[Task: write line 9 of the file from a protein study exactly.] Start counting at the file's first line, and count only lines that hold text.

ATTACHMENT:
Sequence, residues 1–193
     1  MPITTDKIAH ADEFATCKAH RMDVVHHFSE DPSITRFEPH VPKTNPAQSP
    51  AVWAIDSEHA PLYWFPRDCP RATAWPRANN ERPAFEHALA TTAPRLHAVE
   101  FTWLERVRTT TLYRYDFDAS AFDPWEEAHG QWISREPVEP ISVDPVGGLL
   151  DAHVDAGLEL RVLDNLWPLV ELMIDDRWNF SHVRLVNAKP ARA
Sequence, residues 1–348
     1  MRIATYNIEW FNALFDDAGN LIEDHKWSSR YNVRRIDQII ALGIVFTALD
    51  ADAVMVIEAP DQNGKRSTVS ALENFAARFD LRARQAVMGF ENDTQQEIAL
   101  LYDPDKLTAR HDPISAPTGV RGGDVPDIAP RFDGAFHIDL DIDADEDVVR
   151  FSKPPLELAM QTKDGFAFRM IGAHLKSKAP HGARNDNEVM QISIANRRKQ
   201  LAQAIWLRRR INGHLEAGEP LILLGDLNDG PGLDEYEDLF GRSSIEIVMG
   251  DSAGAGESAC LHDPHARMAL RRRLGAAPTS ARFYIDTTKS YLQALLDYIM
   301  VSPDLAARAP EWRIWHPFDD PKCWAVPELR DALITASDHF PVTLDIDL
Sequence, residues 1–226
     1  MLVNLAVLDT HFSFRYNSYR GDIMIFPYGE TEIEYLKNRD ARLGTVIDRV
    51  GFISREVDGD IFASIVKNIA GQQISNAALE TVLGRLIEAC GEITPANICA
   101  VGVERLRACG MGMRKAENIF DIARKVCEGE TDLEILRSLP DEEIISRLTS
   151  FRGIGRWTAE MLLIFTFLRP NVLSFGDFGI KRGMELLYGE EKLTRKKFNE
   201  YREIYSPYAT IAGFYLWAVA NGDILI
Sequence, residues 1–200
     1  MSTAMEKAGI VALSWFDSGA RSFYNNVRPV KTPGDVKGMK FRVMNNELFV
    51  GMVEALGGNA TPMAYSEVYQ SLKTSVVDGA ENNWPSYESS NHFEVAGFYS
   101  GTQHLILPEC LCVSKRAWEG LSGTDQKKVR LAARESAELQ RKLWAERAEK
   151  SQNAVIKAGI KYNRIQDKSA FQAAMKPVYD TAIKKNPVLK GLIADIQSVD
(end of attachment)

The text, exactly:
   101  LYDPDKLTAR HDPISAPTGV RGGDVPDIAP RFDGAFHIDL DIDADEDVVR